clam shell

bum exercises

The clam shell is a nice glute workout, you can add resistance with a band, but otherwise the loading potential of this exercise is limited.

That’s not to say it doesn’t have its place; this is the perfect exercise to use as a glute warm up or a finisher.

How to perform the clam shell

To perform the clam shell, start by laying on your side with your knees bent at a 45 degree angle.

Rest one leg on top of the other. Imagine a pin through both of your heels as you open up your legs at the knees as wide as they will go, while keeping your heels together the entire time.

As the name of the exercise says, your legs will make a clam shell shape as they open and close at the knees.

Go for reps.

Loop a band around your knees for resistance.

Clam shell: Common mistakes to avoid

Most commonly with the clam shell, we see the feet moving apart when they should remain fixed the entire time. Take things slowly and remember that good form is better than a rushed set.

While doing the exercise is far better than not doing it (in most cases), it should be noted that sloppy form on any exercise is not recommended. If you are performing your clam shell with incorrect form, you may recruit other muscle groups during the exercise, or poorly engage the intended muscle groups, which will hinder your gains at best and result in injury at worst.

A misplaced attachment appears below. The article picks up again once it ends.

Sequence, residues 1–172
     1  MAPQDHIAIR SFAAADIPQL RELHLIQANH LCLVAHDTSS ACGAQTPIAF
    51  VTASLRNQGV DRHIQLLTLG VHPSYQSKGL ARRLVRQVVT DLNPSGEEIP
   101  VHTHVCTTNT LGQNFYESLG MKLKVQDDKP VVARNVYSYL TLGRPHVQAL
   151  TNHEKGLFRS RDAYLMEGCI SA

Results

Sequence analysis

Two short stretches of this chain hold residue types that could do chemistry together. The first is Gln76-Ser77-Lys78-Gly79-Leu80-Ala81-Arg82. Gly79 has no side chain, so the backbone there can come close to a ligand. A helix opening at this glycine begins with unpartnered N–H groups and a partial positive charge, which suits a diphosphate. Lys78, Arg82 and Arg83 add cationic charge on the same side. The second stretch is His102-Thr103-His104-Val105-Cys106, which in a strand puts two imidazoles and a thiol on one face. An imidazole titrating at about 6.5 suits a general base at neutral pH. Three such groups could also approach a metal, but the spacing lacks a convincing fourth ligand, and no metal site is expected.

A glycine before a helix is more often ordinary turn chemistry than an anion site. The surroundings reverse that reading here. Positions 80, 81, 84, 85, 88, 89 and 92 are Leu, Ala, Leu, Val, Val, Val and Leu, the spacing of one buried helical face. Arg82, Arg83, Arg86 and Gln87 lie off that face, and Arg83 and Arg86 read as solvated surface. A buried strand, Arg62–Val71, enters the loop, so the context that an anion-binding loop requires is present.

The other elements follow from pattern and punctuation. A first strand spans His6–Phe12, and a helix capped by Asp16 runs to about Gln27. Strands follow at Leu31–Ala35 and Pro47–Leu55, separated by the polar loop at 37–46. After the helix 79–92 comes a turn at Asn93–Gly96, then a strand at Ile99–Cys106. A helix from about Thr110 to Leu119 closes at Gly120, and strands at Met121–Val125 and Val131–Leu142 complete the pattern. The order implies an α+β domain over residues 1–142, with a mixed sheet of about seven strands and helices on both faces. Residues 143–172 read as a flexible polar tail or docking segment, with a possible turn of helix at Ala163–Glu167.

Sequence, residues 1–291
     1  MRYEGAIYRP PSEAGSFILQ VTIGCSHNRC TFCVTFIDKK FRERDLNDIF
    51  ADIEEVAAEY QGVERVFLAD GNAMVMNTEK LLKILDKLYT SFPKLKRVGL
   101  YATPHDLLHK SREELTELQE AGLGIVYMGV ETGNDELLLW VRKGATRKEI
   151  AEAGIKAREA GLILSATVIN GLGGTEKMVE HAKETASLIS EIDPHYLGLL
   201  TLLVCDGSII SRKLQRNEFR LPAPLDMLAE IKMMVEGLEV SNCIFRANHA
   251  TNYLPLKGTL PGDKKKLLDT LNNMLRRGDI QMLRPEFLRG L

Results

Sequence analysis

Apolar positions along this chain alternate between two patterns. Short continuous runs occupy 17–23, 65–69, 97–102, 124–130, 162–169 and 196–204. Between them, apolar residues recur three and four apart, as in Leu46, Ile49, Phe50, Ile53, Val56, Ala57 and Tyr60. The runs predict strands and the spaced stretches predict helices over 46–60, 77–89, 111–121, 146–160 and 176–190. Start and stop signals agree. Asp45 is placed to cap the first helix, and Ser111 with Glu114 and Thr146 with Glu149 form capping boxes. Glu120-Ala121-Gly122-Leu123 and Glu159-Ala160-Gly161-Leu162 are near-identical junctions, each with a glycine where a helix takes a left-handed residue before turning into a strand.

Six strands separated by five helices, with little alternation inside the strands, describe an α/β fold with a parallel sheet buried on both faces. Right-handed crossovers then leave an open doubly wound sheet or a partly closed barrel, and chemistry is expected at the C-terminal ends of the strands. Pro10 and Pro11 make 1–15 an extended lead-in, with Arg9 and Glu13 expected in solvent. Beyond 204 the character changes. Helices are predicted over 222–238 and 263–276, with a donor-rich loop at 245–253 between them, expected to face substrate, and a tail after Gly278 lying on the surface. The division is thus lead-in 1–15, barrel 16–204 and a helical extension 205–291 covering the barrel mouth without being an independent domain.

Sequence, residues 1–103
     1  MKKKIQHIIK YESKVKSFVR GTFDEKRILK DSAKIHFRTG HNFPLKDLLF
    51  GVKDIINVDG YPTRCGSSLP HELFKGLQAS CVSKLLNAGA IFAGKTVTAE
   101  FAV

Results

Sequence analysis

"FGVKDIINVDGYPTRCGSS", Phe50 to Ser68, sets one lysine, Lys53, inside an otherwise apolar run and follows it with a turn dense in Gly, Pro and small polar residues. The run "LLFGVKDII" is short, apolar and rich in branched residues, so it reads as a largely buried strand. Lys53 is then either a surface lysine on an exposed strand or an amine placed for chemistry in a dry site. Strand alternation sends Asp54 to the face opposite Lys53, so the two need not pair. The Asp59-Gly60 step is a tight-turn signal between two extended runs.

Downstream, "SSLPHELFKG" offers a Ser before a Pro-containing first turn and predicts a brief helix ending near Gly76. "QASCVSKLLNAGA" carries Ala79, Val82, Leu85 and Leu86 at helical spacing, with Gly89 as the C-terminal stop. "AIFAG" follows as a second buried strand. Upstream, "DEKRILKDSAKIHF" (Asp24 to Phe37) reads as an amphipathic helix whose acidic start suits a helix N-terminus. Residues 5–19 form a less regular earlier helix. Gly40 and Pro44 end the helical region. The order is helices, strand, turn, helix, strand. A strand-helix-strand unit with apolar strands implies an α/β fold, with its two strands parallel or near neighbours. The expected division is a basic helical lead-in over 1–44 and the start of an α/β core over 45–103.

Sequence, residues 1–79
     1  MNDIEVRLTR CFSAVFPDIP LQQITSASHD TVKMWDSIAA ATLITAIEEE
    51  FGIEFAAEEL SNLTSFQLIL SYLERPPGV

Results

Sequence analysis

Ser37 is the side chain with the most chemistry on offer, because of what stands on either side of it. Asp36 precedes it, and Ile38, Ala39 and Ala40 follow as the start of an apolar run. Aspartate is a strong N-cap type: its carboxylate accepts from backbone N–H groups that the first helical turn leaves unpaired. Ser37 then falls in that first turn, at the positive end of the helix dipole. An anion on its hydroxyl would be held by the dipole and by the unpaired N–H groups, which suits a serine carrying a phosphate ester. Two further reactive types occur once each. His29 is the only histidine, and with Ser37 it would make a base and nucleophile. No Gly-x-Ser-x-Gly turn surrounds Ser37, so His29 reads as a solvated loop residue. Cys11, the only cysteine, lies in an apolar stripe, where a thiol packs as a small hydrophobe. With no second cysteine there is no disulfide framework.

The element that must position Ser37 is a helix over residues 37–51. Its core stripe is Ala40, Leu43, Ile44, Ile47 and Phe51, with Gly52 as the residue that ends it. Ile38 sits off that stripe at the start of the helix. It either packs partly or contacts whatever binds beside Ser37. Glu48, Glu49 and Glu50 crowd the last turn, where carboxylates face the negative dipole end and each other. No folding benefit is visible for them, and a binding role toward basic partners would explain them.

Always keep the muscle you intend to work in mind when you are performing the exercise, this is the ideal way to ensure best results.

Reps and sets

In addition to the clam shell, you should also consider your overall bigger picture. How many reps and sets you perform with each exercise depends entirely on where you are physically and of course, your desired outcomes.

Beginners should keep it simple; 3-4 sets of 8-12 reps is an ideal starting point. For the purpose of laying a solid foundation to build upon; don’t over complicate things. The most important thing is to get started, the rest will come with experience.

On the other hand, more advanced lifters should consider their current strength and goals first. From there; you can choose the appropriate rep/set range to work with.